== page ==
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TMEM 143 Gene Function Characterization-possible Role In Glucose Hemostasis | 107957
ISSN: 2167-065X

Clinical Pharmacology & Biopharmaceutics
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TMEM 143 gene function characterization-possible role in glucose hemostasis

Joint Event on 24th World Congress on Pharmacology & 7th World Heart Congress

Fouad Azizi, Ilham bettahi, Manjunath Ramanjaneya, Jerobin Jaya Komar, Abdelilah Arredouani, Kodappully S. Siveen, Mohamed Chikri,Michael Kulinski, Ramzi M. Mohammad, Abdul Badi Abou Samra and Martin Steinhoff

Translational Research Institute, QatarQatar Metabolic Institute (QMI), QatarQatar Biomedical Research Institute, QatarWayne State University, USA

Posters & Accepted Abstracts: Clin Pharmacol Biopharm

TMEM-143 (Transmembrane protein 143) human gene is located in the Chr19q13.33 chromosomal region, which is known to be associated with risk of type-2 diabetes and cancer. TMEM-143 gene is translated into a protein of unknown function, predicted to contain a mitochondrial signal sequence and to reside as an integral membrane protein (dual-pass protein) in the mitochondria. In this study, we sought to elucidate TMEM-143 expression pattern, sub-cellular localization, and function. Screening of normal human tissues by RT-PCR revealed a high expression of TMEM-143 gene in metabolic tissues such as skeletal muscle tissue. RT-PCR and western blot revealed that undifferentiated C2C12 (myoblasts) and 3T3-L1 (pre-adipocytes) exhibited a differential expression profile of TMEM-143 during the process of differentiation into myotubes and adipocytes respectively. RT-PCR and Western blot analyses showed that potential or commonly used drugs for metabolic disorders modulated the expression level of TMEM-143. In these undifferentiated (differentiated) cell models, Rosiglitazone induced 2.2 ( 0.4)- and 2.6 ( 0.4)-fold increases in TMEM-143 mRNA and protein levels, respectively. Similarly, AICAR and Metformin upregulated TMEM-143 mRNA and protein levels by 2.0 ( 0.35)- and 2.5 ( 0.42)-fold respectively in these cellular models. In myoblasts and myotubes, insulin and BGP-15 increased TMEM-143 protein level by about 2-fold. 2D- and 3D-confocal fluorescence imaging (CFI) of TMEM-143 demonstrated a broad subcellular distribution of this protein with a predominant localization to mitochondria (Manders Overlap Coefficient, MOC: 0.5 0.03 in myotubes vs. 0.3 0.02 in adipocytes) and plasma membrane (MOC: 0.4 0.01 in myotubes vs. 0.3 0.02 in adipocytes). Nevertheless, this mitochondrial protein also exhibited a nuclear localization (MOC: 0.2 0.01 in myotubes vs. 0.33 0.02 in adipocytes) that was further confirmed by overexpressing TMEM-143 coupled to GFP in HEK293 cells, which do not express endogenously this protein. Moreover, 2D- and 3D-CFI uncovered significant cell (i.e. adipocytes, myotubes) size increase and changes in intracellular distribution (trafficking) of TMEM-143, induced by the pharmacological agents that affected its expression. Importantly, TMEM-143 strongly co-localized with glucose transporter type 4 (GLUT-4) (MOC: 0.75 0.02). Silencing TMEM-143 with siRNA technology did not induce cell death and did not affect mitochondria biogenesis or membrane potential. However, TMEM-143 silencing induced a 2-fold decrease in GLUT-4 mRNA and protein levels, and a 2.4-fold decrease in pAKT protein level in insulin-stimulated C2C12 cells; subsequently, a significant reduction (by more than 50%) in glucose uptake was measured in both 3T3-L1 and C2C12 cells. These results indicate that TMEM-143 may play a physiological role in glucose homeostasis and merits further investigation.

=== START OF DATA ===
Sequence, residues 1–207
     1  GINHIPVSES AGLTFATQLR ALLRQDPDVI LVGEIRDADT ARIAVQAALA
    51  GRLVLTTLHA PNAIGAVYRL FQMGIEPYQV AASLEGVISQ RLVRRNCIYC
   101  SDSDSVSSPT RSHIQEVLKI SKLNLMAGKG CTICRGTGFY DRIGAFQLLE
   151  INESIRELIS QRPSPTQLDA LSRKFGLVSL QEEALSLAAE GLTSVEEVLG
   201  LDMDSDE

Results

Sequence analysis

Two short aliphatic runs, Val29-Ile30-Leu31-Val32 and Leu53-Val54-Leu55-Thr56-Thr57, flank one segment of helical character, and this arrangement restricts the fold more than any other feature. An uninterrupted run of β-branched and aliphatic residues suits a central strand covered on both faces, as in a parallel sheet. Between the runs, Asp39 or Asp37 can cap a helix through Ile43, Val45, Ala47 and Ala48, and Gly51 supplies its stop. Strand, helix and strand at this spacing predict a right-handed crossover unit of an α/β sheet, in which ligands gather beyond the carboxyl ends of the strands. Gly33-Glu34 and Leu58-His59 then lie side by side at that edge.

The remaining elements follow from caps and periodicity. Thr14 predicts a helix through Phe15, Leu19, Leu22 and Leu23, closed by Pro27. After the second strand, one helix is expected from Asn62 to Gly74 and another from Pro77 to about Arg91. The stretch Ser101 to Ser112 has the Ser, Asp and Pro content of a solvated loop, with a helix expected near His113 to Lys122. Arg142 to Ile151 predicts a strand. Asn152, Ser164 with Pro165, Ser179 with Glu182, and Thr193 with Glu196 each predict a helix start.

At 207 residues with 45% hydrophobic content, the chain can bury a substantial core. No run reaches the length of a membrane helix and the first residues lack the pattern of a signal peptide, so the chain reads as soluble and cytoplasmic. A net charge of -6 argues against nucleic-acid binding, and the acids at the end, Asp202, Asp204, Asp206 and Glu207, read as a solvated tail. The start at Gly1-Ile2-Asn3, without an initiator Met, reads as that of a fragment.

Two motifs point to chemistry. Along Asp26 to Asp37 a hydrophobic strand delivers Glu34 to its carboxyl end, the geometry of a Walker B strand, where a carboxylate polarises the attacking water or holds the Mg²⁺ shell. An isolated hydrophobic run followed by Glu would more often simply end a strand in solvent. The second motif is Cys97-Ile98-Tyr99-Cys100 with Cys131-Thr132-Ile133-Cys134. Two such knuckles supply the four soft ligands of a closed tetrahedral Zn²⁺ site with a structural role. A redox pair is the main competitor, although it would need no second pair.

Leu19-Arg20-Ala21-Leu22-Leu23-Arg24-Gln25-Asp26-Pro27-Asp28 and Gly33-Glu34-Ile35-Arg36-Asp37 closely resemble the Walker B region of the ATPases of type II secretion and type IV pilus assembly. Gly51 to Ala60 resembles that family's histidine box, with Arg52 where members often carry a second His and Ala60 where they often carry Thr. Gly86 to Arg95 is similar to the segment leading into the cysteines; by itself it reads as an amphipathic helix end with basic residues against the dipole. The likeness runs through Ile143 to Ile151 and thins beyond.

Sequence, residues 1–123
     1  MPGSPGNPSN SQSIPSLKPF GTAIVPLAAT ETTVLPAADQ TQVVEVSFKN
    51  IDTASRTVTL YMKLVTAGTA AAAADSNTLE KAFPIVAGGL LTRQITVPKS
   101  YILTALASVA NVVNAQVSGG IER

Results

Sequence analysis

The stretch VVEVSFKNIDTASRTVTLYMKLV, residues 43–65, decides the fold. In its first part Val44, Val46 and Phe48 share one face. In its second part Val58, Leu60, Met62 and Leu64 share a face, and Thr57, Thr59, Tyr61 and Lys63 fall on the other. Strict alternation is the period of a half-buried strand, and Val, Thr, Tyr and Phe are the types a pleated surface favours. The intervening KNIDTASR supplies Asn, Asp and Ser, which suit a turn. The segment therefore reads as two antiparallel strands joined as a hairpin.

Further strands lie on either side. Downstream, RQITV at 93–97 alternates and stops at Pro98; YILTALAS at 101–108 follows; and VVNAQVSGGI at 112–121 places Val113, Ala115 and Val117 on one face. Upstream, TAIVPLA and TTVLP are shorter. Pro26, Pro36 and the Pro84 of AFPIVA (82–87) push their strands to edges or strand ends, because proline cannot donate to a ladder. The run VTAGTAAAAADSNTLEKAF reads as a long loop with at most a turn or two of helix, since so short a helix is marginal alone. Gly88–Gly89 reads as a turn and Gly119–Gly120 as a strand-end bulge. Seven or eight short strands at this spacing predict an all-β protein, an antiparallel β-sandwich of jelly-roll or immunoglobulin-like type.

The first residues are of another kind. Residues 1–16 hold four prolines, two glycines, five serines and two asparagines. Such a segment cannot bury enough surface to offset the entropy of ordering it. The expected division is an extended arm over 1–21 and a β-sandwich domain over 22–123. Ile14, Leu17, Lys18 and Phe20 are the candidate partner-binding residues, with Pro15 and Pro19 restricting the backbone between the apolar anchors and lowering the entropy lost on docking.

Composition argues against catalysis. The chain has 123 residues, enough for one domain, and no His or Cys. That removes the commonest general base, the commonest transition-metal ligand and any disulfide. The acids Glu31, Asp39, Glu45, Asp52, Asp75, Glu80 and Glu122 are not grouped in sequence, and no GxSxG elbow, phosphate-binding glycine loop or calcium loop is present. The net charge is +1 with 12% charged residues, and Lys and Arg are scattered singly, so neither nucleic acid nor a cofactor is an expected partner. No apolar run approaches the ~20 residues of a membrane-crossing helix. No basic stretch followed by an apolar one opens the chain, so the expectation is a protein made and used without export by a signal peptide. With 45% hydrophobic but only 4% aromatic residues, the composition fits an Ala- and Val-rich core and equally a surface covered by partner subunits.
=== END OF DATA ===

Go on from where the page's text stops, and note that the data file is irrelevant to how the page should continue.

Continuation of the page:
Funding sources: Medical Research Center grant number 15347 to Dr. Fouad Azizi, Translational Research Institute, Academic Health System, Hamad Medical Corporation (HMC)

Fouad Azizi has earned his PhD in Biophysical Chemistry at the Center of Molecular Biophysics, National Center for Scientific Research (C.N.R.S.), Orleans, France. He has a research track of over 20 years working in the USA. Currently, he is a Research Scientist, Director of electrophysiology laboratory and Manager of confocal imaging core in the Translational Research Institute, Academic Health System, Hamad Medical Corporation (HMC), Doha, Qatar. His research interests are focused in cancer and metabolic disorders.

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